Friday, 14 March 2014

Media Training - The Media Landscape; Radio - Frequency Modulation

Dennis McCarthy
I first appeared on the radio in 1995, and my first live broadcast was with Dennis McCarthy who was a legend.

Dennis had the ability to stand in a street in Nottingham and say on-air, "I wonder who's house we're doing the programme from this morning" and 60% of the doors would be thrown open by eager listeners who wanted Dennis to come and sit in their best parlor and do a radio show.

Everyone listened to Dennis...

His avuncular style belied a prickly nature. He was bigger than the station he worked for; it was BBC Radio Dennis.

The first and longest conversation I had with Dennis went like this...

Dennis (in the studio some 1000 yards from where I was, in a bunker, under a car-park, looking at the traffic cameras) - Hello Travel, who's that?
Me - I'm John, Dennis.
Dennis - John? John? What happened to Annie, or Claire?
Me - They're not on today, it's my first day, sorry.
Dennis - Pick up after the sting.

For the next year, every weekday afternoon all he said to me was "Pick up after the sting". I may have said "afternoon Dennis, are you well?" or "How are you today Dennis?" all he ever said to me was...

"Pick up after the sting..."

When he said that to me for the last time I didn't know that one of my colleagues was wrestling control of the studio from him. He was seriously ill, and the decision had been taken to get him off air for medical attention. He was having none of it, and every time someone pressed the control button in the other studio to take his signal away from the transmitter, he pressed it in his studio.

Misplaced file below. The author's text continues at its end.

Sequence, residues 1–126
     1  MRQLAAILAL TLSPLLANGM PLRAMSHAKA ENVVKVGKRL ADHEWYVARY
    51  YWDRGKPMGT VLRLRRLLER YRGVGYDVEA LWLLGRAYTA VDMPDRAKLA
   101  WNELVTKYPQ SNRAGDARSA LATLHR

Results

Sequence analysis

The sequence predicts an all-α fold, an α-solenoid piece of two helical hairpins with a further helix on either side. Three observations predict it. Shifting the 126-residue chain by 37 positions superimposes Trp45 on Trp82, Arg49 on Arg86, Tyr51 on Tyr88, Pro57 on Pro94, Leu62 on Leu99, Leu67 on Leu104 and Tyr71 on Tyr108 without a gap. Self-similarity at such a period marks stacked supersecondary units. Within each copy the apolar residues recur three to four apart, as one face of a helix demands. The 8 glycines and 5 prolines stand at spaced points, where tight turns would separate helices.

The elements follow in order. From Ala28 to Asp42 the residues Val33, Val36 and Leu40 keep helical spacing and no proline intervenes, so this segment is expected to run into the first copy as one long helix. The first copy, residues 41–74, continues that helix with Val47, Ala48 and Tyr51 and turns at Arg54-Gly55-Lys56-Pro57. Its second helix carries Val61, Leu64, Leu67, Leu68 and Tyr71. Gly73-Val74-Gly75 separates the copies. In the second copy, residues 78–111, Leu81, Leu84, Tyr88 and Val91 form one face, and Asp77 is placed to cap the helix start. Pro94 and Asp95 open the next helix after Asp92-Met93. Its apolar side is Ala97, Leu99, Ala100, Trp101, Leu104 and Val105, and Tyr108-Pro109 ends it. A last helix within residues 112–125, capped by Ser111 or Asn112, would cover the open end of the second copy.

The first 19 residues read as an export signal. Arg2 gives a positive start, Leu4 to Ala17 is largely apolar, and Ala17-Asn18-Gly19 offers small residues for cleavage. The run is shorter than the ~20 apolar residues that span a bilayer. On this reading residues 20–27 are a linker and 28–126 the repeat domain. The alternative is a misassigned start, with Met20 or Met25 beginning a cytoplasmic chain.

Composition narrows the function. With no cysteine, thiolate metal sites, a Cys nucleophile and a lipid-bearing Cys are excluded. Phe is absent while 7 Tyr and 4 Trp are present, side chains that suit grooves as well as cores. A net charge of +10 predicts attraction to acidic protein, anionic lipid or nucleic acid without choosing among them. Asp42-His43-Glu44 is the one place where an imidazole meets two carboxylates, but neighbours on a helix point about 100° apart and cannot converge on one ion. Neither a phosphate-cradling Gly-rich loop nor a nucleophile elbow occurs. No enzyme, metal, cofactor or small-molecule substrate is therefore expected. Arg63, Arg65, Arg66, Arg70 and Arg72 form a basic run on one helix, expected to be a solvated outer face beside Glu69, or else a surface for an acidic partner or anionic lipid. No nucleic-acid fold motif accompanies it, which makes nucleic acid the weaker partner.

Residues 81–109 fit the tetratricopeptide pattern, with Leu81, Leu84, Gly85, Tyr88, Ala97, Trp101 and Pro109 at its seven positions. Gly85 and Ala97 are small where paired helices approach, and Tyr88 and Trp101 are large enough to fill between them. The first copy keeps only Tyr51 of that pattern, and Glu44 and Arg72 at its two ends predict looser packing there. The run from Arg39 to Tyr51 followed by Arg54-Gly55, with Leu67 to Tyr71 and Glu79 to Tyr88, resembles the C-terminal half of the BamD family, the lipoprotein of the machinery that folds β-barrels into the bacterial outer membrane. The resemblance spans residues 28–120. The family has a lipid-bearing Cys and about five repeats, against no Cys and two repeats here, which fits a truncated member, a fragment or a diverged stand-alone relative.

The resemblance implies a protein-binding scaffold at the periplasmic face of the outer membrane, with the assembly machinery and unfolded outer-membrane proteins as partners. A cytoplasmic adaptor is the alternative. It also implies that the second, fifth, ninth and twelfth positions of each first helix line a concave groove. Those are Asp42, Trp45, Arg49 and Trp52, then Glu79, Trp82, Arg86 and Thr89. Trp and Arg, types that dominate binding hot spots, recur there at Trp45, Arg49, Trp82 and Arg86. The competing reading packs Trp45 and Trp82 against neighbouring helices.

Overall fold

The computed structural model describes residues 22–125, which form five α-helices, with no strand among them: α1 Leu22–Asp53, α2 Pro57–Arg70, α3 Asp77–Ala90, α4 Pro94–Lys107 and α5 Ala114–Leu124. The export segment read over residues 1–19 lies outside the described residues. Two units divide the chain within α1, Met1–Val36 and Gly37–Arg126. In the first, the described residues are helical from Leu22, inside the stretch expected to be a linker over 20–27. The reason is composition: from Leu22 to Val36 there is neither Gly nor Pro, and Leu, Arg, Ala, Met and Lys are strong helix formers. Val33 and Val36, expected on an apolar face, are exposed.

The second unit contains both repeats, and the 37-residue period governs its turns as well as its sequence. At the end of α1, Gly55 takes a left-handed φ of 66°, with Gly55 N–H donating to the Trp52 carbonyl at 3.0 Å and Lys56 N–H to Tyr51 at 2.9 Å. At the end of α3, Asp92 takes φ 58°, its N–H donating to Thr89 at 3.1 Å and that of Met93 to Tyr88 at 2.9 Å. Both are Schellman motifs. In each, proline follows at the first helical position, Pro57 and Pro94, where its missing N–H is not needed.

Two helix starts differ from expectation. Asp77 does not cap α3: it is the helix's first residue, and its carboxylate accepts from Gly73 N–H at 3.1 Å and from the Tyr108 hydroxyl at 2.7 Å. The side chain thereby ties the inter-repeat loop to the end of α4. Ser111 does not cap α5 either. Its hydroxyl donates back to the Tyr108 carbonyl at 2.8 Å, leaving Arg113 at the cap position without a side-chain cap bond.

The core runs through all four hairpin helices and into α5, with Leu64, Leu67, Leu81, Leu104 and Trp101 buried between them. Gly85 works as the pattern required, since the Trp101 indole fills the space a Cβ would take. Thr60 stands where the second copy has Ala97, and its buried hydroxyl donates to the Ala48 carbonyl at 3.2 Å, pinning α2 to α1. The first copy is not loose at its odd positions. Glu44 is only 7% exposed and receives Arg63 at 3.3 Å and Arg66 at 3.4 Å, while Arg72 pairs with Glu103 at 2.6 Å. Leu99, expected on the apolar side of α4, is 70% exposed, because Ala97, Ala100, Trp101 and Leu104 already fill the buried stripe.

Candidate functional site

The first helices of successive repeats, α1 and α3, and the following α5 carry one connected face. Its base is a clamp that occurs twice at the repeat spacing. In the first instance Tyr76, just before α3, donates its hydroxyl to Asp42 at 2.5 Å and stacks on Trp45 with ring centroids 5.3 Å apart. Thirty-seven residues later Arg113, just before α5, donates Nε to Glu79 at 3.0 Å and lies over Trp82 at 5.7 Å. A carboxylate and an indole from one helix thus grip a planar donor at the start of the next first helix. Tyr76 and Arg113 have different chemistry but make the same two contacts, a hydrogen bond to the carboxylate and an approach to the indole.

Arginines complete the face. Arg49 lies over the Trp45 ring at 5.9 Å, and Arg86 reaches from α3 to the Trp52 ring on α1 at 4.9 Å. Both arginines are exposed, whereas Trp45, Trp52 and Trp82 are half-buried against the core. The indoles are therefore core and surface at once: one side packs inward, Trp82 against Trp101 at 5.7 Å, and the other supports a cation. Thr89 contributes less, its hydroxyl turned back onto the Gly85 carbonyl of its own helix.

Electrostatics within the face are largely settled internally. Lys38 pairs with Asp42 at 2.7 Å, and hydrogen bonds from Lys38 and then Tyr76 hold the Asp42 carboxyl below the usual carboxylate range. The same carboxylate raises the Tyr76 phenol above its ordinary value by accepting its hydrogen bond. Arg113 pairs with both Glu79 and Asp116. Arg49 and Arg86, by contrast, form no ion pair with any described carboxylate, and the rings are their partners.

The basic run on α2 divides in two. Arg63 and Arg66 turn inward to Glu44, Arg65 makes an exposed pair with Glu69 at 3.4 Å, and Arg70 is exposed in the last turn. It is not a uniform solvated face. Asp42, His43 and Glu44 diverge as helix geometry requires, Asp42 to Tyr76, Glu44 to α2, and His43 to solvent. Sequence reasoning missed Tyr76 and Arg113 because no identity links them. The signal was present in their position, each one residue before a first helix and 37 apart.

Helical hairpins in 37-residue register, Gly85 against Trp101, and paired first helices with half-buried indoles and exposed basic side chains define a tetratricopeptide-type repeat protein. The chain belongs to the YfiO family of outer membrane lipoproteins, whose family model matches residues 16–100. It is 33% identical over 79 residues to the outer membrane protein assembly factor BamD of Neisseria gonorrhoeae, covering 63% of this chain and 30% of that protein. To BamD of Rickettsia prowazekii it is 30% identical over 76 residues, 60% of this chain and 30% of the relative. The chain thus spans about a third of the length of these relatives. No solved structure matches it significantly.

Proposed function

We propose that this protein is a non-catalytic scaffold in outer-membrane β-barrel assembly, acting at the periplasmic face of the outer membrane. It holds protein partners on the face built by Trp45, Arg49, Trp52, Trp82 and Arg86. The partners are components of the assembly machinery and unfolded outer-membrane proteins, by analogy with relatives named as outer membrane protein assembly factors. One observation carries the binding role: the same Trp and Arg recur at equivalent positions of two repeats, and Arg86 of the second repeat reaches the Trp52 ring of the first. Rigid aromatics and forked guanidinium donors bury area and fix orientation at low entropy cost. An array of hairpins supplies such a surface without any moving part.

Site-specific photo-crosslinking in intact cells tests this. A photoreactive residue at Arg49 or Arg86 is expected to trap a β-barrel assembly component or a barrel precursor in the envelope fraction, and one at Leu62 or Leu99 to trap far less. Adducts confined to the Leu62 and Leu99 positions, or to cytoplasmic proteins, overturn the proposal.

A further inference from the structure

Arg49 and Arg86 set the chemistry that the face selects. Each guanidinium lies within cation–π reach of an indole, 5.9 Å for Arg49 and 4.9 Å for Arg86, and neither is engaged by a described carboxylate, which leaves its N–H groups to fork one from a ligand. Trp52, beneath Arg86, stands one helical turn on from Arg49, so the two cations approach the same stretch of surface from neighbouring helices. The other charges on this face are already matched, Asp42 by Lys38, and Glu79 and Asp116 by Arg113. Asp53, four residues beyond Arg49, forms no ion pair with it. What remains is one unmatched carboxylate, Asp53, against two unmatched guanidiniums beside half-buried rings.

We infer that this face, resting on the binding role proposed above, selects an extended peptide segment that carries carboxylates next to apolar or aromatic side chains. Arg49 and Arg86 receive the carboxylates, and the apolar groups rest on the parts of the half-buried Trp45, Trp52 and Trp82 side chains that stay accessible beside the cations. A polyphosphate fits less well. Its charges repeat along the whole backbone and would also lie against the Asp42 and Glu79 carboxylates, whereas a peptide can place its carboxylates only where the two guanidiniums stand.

He was determined to finish the show...

That night he went home, and died.

20,000 people turned out for his funeral.

The days of Dennis are long gone. In Nottingham you had the choice between national stations and 3 local stations; BBC Radio Nottingham, Radio Trent & GEM AM (later re-branded to be Trent FM & Classic Gold Gem) both of the latter were owned by the same company.

There was little choice and that made for massive loyalty.

In Nottingham, a city of 730,000, there are now... well, there are around 10 stations serving the city, others serving other parts of the county and then you have the nationals, DAB and the internet.

There has never been more choice in listening in the UK if you want to listen to music. If you want news and speech content then you're pretty much stuck with the BBC it's the only place you'll find documentary, discussions and opportunities to be interviewed.*

In the UK it's a speech monopoly we have choice but only in very particular ways... you may as well have Dennis back.


*there are a couple of important Metropolitan exceptions LBC TalkSport et al.

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